An essay in the journal Small (2011, 7, No. 20, 2836-C2839) discusses the growing footprint of nanoscience and nanotechnology on the global scientific landscape. The authors used query terms such as nano*, graphene* and polymer* in Web of Science by Thomson Reuters to generate search results from several key journals in the field such as ACS Nano and Nano Letters. The search results were subsequently analyzed in terms of scope, geographic distribution and footprint on the scientific literature. The essay’s main points are outlined below.
The percentage of the records returned by the search terms for each year dramatically increased from 20 % in 1991 to 80 % in 2010. Also, the term nano* was not sufficient to capture the full activity in these fields and tended to underestimate the literature, especially that of the 1990s. In terms of subject category, the increase in nanoscale studies has been of several-fold for the top 5 Web of Science categories, namely Physics, Materials Science, Chemistry (physical), Chemistry (multidisciplinary) and Nanoscience and Nanotechnology. The latter had the greatest increase from 18 to 70 % from 1997 to 2009.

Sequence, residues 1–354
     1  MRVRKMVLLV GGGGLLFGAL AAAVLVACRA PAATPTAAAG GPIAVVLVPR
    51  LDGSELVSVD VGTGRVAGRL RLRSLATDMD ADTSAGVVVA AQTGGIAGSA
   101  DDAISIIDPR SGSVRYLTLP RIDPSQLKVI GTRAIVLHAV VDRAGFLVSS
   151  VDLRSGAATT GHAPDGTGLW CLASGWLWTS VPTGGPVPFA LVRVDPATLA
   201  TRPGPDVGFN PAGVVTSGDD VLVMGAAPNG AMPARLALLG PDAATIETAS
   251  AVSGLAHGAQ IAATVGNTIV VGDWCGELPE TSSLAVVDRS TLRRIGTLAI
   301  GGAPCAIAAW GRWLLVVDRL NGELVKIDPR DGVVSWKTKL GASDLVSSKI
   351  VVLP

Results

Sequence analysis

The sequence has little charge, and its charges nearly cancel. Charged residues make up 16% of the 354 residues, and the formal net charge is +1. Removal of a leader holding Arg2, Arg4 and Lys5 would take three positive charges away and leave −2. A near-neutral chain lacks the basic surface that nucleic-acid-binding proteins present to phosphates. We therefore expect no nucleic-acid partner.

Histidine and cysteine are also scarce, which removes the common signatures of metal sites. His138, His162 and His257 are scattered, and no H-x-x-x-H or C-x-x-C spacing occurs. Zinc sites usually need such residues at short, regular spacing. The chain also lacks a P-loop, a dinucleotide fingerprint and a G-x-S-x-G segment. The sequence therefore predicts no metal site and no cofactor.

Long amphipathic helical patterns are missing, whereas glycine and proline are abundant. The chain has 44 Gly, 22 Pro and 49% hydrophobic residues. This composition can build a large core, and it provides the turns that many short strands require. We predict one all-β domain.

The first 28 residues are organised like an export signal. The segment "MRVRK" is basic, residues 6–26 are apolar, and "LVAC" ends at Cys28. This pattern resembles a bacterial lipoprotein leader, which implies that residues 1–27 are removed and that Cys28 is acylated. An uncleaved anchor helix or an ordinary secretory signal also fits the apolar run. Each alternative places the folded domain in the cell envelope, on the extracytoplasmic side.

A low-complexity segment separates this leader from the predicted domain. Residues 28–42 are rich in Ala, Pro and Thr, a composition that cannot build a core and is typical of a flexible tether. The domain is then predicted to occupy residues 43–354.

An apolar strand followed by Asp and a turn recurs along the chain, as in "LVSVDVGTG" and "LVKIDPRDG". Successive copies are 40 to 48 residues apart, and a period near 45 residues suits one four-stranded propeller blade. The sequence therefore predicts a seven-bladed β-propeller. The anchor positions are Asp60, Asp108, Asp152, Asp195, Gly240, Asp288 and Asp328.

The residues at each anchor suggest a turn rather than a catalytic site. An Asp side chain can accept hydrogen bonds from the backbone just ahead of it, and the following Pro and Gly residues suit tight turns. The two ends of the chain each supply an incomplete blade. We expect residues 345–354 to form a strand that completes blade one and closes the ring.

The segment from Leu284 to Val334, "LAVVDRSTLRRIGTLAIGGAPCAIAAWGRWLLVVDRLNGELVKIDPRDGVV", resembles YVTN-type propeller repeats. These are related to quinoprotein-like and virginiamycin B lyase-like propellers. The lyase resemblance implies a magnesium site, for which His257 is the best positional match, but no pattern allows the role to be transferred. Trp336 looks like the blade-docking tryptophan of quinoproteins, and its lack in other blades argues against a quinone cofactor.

There is a new way to design computer chips and electronic circuitry for extreme environments: make them out of diamond. A team of electrical engineers at Vanderbilt University has developed all the basic components needed to create microelectronic devices out of thin films of nanodiamond. They have created diamond versions of transistors and, most recently, logical gates, which are a key element in computers.